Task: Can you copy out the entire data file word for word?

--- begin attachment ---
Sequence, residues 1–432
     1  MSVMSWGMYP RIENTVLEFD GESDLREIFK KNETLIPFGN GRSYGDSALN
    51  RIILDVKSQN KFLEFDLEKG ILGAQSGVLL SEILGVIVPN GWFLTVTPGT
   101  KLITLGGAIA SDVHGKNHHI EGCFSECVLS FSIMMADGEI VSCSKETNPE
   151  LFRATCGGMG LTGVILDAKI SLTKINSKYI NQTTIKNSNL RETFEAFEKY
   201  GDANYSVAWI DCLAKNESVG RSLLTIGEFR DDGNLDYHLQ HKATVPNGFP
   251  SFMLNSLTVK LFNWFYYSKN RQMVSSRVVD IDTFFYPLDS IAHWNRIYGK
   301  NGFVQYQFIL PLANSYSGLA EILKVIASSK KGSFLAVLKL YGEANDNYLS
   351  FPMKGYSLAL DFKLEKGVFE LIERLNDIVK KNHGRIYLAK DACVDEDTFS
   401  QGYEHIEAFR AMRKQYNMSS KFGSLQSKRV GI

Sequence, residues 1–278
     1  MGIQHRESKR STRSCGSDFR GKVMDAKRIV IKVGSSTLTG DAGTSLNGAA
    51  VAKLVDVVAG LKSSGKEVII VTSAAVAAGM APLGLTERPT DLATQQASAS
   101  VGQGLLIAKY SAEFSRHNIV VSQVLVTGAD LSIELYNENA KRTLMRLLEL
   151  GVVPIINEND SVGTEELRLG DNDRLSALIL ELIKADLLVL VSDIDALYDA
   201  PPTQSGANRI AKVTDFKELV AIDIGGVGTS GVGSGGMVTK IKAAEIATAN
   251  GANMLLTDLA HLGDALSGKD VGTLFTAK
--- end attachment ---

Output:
Sequence, residues 1–432
     1  MSVMSWGMYP RIENTVLEFD GESDLREIFK KNETLIPFGN GRSYGDSALN
    51  RIILDVKSQN KFLEFDLEKG ILGAQSGVLL SEILGVIVPN GWFLTVTPGT
   101  KLITLGGAIA SDVHGKNHHI EGCFSECVLS FSIMMADGEI VSCSKETNPE
   151  LFRATCGGMG LTGVILDAKI SLTKINSKYI NQTTIKNSNL RETFEAFEKY
   201  GDANYSVAWI DCLAKNESVG RSLLTIGEFR DDGNLDYHLQ HKATVPNGFP
   251  SFMLNSLTVK LFNWFYYSKN RQMVSSRVVD IDTFFYPLDS IAHWNRIYGK
   301  NGFVQYQFIL PLANSYSGLA EILKVIASSK KGSFLAVLKL YGEANDNYLS
   351  FPMKGYSLAL DFKLEKGVFE LIERLNDIVK KNHGRIYLAK DACVDEDTFS
   401  QGYEHIEAFR AMRKQYNMSS KFGSLQSKRV GI

Sequence, residues 1–278
     1  MGIQHRESKR STRSCGSDFR GKVMDAKRIV IKVGSSTLTG DAGTSLNGAA
    51  VAKLVDVVAG LKSSGKEVII VTSAAVAAGM APLGLTERPT DLATQQASAS
   101  VGQGLLIAKY SAEFSRHNIV VSQVLVTGAD LSIELYNENA KRTLMRLLEL
   151  GVVPIINEND SVGTEELRLG DNDRLSALIL ELIKADLLVL VSDIDALYDA
   201  PPTQSGANRI AKVTDFKELV AIDIGGVGTS GVGSGGMVTK IKAAEIATAN
   251  GANMLLTDLA HLGDALSGKD VGTLFTAK